Every firm wants to know if their hiring and onboarding efforts will pay out. If you have only been with your current firm for 2 or 3 years, this could raise a red flag. Statistics show that if a financial advisor has moved around to several firms within the past five years, it could be indicative of a negative pattern. That’s not to say that one cannot have good reasons for switching firms, but you should be prepared to provide the details.

On the flip side, a lengthy tenure at your current firm signifies loyalty and commitment, and you can expect the new firm’s offer to reflect optimism about your future growth. Perhaps you have been at a firm you once loved for 10 or more years, but it has been molded and shaped into a completely different situation over time. Maybe the firm has changed policies or faced reputational issues. Regardless of the current circumstances, a lengthier tenure is looked at with less scrutiny, and the reason for switching firms is easier for advisors to articulate and turn around into a better offer.

4. Overall Revenue

As a financial advisor, what is your TTM (trailing 12 months)?

Each firm looks to the advisor’s revenue associated with their practice and book of business. They look at how much you produce and your overall production trends. Are you someone whose production increases incrementally over time? Or, are you someone whose numbers have high spikes and big drops each year? Firms will observe and measure your consistency versus high volatility tendencies and demonstrate their comfort level with the details of the offer.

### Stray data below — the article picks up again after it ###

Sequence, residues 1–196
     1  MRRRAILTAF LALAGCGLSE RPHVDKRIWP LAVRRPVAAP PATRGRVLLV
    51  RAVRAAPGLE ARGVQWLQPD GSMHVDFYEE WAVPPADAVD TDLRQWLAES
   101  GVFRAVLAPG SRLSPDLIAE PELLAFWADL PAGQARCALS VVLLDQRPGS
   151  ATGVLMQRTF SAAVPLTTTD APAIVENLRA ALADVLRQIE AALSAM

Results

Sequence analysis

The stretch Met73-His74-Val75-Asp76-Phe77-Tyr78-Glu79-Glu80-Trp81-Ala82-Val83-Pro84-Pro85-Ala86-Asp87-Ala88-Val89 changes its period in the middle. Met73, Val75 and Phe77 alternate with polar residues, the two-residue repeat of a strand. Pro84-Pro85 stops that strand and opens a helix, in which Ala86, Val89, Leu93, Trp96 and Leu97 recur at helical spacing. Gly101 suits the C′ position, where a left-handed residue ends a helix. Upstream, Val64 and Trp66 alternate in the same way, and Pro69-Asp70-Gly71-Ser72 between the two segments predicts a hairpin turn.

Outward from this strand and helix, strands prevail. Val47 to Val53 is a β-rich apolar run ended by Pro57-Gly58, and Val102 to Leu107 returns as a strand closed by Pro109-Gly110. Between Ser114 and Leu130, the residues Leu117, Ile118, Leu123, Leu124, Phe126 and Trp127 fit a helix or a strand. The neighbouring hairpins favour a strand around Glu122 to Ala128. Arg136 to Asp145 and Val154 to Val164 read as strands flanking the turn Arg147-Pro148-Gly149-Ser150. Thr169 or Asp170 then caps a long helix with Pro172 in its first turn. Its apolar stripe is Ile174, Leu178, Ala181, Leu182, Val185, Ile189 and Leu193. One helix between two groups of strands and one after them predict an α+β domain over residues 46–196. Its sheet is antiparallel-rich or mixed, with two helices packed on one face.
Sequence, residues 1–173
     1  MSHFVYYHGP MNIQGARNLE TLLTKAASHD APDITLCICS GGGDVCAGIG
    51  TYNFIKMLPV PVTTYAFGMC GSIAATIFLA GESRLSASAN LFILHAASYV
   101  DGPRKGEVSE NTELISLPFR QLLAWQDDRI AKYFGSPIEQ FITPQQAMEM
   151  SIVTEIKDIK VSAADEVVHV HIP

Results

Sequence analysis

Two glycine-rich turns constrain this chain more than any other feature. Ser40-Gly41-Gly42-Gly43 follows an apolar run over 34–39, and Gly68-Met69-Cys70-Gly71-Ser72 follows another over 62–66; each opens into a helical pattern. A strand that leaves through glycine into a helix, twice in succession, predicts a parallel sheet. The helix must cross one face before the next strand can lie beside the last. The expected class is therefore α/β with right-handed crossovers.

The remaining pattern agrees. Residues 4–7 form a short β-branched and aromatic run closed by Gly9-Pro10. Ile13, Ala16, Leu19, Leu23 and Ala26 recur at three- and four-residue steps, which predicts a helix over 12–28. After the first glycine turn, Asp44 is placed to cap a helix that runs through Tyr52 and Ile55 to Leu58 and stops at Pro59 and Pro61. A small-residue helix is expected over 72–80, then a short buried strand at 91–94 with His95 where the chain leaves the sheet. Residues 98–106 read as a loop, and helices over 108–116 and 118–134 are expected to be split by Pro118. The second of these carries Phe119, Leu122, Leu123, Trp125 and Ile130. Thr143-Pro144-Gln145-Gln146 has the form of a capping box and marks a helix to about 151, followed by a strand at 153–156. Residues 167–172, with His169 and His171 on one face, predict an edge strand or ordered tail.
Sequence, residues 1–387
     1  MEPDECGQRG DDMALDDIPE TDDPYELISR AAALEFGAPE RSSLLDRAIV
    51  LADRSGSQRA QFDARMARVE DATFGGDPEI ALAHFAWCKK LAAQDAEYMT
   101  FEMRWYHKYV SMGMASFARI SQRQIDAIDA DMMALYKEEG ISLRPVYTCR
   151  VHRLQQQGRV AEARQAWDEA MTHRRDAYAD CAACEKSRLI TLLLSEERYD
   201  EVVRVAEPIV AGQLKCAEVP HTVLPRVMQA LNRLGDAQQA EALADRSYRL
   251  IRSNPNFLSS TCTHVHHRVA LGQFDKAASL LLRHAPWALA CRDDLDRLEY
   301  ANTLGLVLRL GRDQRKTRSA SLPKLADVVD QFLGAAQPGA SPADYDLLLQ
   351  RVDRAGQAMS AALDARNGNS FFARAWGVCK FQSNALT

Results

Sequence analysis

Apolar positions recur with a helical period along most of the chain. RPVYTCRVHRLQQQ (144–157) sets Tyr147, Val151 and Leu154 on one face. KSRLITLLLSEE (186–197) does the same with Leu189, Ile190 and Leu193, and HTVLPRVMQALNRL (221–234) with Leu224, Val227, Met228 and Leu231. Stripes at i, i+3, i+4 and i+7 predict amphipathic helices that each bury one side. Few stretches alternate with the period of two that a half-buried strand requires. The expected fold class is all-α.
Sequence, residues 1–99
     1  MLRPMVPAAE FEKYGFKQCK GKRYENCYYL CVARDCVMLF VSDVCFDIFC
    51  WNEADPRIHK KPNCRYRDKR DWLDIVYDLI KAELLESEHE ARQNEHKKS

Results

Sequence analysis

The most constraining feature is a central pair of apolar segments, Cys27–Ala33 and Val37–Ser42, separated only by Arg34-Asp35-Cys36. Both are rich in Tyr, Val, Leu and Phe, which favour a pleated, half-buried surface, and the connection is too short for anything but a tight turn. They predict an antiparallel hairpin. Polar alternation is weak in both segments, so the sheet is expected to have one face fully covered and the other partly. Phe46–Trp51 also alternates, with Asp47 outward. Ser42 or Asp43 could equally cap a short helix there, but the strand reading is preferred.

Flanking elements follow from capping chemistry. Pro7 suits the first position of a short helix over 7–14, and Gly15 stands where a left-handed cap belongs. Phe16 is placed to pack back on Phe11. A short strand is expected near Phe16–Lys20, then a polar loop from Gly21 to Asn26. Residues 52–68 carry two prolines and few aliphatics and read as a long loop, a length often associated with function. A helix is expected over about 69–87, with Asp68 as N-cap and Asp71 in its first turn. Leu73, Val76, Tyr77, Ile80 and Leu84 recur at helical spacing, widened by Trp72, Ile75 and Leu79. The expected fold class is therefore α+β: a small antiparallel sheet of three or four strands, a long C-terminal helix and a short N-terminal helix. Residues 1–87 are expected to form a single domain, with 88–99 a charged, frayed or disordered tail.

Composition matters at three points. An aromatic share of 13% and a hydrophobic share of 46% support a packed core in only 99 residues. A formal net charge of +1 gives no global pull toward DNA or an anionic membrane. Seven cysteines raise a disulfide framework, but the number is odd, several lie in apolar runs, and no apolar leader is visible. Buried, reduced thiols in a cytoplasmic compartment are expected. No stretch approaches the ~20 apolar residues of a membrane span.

Are you a high performer looking for negotiation strategies to maximize your next offer? Check out our article How to Negotiate Like a Pro: 6 Techniques for Financial Advisors.

5. Credit Review

What does your credit report say about you as a financial advisor and individual?

A financial advisor’s credit review is a key consideration. Firms rarely ask questions if one’s credit score is over 700. However, if it is somewhere in the 650-700 range, this tends to provoke questions. And, if it is lower than 650, it is worth your time to articulate a plausible story. Positive credit situations tend to indicate a more diligent financial advisor, and there is a correlation between an advisor’s credit score being positive and the ability to ramp up business at a new firm. Seamless transition is key for firms. If you know you are going to switch firms soon, look into your credit utilization and possibly even call your credit companies to increase limits if needed.

6. Broker Check and Background Check

What does your broker check and background check say about you?

Like an advisor’s credit score, one’s broker check is a crucial consideration. It is prudent to conduct a broker check on your own to see what is revealed. If you have liens on your home or other assets, or if several situations are revealed on your check, this warrants an explanation. Also, you should consider whether complaints should be arbitrated before switching firms. If there are several complaints but they have been denied, this should not be a major point of concern for you.